Being our priority to reduce the environmental impact, we use the 12 principles of green chemistry to avoid using chemical products and processes with a negative impact.These principles were formulated by Paul Anasta and John Warner and first appear in the 1990s in their book Green Chemistry: Theory and Practice.
- Prevention: Avoid, eliminate or recover waste.
- Atomic economy: All the elements that are used in the production process must be part of the final product. In this way, the formation of by-products is minimized, which also reduces the generation of waste (point 1).
- Methodologies with reduced or no toxicity: during the synthesis of chemical substances, any toxicity must be avoided. At this point it is taken into account both that it is toxic to people and to the environment.
- Efficacy: At the same time that toxicity is reduced, efficacy must be preserved.
- Less auxiliary substances: The minimum possible amount of auxiliary substances must be used and always opt for the most innocuous ones. Solvents, absorbents and separating agents, among others, are considered auxiliary substances.
- Minimize energy consumption: Our objective is to carry out the different processes at ambient pressure and temperature or to use external support elements that favor the final reduction of energy.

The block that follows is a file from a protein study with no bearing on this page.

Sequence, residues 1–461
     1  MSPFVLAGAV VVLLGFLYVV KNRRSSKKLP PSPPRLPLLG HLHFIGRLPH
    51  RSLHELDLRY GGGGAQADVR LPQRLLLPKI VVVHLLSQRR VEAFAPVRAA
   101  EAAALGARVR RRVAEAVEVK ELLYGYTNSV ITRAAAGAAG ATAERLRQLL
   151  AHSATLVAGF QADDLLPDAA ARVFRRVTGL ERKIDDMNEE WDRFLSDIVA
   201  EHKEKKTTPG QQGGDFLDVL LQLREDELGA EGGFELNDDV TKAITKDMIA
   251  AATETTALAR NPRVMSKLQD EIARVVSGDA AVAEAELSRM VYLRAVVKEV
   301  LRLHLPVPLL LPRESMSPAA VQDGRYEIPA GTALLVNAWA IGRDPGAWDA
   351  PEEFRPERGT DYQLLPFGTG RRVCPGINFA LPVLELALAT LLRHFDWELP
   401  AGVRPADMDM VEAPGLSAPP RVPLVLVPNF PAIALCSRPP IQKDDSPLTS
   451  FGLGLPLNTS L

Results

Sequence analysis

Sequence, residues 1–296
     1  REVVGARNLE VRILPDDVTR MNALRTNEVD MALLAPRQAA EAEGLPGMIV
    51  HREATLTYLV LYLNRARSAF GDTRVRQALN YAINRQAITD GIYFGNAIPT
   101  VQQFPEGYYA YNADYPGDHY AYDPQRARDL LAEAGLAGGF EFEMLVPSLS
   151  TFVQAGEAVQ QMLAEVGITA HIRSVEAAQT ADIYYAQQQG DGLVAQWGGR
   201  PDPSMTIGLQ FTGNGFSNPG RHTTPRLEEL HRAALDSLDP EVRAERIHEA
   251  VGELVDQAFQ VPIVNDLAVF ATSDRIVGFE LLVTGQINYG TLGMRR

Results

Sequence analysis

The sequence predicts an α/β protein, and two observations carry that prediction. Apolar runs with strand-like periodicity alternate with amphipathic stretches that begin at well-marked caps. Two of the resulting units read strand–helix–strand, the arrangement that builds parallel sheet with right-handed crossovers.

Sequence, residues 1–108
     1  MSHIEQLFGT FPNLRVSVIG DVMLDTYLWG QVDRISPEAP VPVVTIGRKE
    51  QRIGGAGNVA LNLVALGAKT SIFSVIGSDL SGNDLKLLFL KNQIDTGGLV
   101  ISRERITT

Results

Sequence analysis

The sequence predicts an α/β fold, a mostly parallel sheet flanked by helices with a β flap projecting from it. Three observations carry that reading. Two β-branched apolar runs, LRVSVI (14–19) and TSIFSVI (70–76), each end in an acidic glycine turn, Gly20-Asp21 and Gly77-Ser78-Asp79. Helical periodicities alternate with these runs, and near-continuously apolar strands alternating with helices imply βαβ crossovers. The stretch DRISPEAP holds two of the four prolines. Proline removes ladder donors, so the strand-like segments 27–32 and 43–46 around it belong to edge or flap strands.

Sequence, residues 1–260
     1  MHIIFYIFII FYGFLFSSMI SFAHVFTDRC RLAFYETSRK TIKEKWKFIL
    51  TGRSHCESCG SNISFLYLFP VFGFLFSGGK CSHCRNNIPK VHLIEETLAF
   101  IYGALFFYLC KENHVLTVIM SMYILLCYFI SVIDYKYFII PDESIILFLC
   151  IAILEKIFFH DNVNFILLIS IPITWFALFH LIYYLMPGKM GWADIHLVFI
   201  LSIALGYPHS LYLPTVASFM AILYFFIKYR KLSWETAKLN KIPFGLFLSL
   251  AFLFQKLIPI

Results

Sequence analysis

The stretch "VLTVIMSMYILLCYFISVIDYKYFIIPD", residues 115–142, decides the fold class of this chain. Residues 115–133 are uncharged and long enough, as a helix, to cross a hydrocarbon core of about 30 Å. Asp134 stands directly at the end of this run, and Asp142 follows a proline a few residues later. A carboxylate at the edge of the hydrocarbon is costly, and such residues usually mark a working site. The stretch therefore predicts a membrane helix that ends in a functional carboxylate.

- Renewable raw materials: whenever it is technically and economically feasible, the use of renewable resources must be prioritized.
- Fewer derivations: it is necessary to avoid all the formation of unnecessary derivatives. This point includes lock groups or check-in and check-out steps.
- Promotion of catalysis: whenever possible, it is preferable to use catalytic reagents instead of stoichiometric ones. The reason is that the catalytic reagents are not consumed during the reaction, unlike the stoichiometric ones. Thanks to this, the waste generated is reduced and energy consumption is minimised.
- Biodegradability: Chemicals are designed so that they do not remain in the environment when their use ends. That is, they are biodegradable products. One of the most common examples in green chemistry is the development of biodegradable polymers such as those of Artificial Nature.
- Process monitoring: in order to prevent the formation of dangerous substances, proper monitoring and control of the process must be carried out.
- Minimize accidents: finally, we must reduce the risk of accidents, selecting the processes and substances that reduce the potential for accidents.
Our company works on each of these 12 points in its internal and external processes in customer development. We add computational calculation to these processes to validate their economic viability and make sense of the bioeconomy.